The mayors of Miami-Dade County and the city of Miami and a Hialeah commissioner are worried. They all say the county's not financially prepared for the imminent arrival of thousands of Cubans stranded in Costa Rica.
Last week, a deal was made to airlift the Cuban migrants stuck in Costa Rica to El Salvador so they can travel through Mexico to the U.S.
Miami-Dade Mayor Carlos Gimenez thinks it should be the job of the federal government to take care of the migrants.
Nora Gamez Torres covered the story for el Nuevo Herald. She says that the U.S. government has yet to publicly respond to the matter. This leaves local leaders wondering if their concerns will be taken seriously on a federal level.
“I think the question, the big question is, what is the U.S. going to do in terms of, you know, the migration policy towards Cuba. Because every time there's a crisis like this, there's usually some changes in the immigration policy,” said Torres.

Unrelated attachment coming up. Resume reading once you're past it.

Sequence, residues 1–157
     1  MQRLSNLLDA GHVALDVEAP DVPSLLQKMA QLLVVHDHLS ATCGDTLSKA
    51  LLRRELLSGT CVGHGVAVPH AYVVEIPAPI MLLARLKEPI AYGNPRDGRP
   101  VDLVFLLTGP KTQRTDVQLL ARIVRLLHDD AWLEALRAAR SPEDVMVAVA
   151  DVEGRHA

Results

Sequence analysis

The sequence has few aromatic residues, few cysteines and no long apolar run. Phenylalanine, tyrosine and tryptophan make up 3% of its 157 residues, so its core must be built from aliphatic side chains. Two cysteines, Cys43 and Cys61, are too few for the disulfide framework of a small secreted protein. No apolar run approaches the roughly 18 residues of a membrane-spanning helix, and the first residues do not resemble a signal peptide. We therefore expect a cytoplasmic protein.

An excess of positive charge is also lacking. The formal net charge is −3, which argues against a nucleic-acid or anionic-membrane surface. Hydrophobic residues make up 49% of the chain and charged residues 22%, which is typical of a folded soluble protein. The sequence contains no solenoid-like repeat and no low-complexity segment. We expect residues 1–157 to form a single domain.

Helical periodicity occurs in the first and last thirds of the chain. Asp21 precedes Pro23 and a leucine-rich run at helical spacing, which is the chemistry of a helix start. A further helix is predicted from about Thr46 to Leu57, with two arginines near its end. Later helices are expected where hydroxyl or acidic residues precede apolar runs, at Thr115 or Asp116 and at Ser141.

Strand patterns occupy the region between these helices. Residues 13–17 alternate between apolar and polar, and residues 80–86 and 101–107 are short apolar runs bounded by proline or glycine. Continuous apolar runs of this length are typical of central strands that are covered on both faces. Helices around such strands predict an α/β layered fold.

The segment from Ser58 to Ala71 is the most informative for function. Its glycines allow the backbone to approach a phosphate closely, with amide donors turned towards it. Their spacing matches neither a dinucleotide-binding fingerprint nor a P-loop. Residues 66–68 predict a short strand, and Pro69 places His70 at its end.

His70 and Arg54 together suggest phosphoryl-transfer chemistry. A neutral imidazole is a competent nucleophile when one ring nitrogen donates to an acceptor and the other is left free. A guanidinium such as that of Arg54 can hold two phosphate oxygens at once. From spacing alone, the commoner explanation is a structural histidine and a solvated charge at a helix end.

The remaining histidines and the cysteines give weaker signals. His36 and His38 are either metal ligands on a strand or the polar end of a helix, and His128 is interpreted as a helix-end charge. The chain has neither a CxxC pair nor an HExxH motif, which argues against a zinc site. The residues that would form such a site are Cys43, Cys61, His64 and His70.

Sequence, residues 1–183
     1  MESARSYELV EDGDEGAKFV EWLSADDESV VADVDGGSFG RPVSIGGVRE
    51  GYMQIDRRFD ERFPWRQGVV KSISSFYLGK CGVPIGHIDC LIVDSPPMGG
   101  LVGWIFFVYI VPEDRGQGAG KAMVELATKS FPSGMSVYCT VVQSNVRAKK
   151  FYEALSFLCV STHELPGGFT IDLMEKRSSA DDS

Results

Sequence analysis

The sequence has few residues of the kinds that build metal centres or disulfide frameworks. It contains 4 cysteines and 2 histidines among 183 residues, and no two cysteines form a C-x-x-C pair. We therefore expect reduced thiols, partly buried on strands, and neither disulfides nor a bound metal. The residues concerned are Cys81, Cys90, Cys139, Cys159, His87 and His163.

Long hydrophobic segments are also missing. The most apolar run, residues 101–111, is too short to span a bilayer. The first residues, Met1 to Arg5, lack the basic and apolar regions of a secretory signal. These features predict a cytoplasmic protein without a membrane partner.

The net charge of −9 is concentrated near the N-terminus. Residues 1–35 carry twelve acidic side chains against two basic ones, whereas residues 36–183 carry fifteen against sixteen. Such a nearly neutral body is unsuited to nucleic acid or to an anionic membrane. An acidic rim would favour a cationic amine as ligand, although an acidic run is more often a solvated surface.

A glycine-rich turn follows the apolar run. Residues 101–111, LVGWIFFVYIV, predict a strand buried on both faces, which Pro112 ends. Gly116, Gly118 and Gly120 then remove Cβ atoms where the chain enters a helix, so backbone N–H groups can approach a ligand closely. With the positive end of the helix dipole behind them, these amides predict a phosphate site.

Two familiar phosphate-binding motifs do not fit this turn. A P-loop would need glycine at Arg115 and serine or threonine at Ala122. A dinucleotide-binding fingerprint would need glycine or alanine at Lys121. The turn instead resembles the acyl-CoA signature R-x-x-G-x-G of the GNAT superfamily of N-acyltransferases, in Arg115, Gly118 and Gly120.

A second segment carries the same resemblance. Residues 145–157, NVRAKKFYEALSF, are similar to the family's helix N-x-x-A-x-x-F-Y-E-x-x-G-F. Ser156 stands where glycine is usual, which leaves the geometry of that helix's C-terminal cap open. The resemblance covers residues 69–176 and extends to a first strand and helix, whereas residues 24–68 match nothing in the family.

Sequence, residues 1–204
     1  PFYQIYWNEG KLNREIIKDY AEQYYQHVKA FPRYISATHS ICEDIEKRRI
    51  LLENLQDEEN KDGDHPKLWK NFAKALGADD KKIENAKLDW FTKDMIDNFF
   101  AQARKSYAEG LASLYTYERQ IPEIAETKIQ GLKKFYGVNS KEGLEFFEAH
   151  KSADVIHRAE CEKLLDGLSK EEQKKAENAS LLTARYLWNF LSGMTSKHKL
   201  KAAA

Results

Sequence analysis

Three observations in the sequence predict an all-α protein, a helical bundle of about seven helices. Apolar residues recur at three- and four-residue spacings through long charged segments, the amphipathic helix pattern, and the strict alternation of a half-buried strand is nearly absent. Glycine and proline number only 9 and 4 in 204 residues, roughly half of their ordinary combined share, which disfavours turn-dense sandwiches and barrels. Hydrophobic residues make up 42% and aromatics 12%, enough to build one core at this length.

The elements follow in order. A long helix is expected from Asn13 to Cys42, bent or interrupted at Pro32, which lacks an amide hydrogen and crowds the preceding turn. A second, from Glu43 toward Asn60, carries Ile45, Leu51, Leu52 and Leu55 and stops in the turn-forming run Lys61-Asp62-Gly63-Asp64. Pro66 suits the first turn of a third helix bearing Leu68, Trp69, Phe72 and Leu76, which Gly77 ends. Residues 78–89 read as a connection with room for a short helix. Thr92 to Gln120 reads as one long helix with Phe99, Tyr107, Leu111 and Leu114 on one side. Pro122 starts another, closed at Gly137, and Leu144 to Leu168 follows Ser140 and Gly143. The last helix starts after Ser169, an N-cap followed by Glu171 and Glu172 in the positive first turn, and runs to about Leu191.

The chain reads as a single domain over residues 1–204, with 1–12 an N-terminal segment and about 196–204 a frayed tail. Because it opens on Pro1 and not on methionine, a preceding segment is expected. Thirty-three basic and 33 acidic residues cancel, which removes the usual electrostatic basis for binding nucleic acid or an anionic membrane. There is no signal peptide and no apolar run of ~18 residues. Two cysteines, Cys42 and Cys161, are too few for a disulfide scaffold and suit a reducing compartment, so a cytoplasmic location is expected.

Torres also says many Cuban migrants have already exhausted their own money in trying to get to Central America and are now relying on funds from family here in the U.S.
“When you have such a big number, almost 8,000 in Costa Rica and another 1,000 in Panama, for sure you're gonna find people who don't have family here in the U.S. So that's why we need like the federal government and local authorities and churches involved,” said Torres.
Miami Mayor Thomas Regalado said the local aid system temporarily finances the stay of only about 60 underprivileged families in motels.
He emphasized the annual budget is nearly $1 million and cannot be stretched further.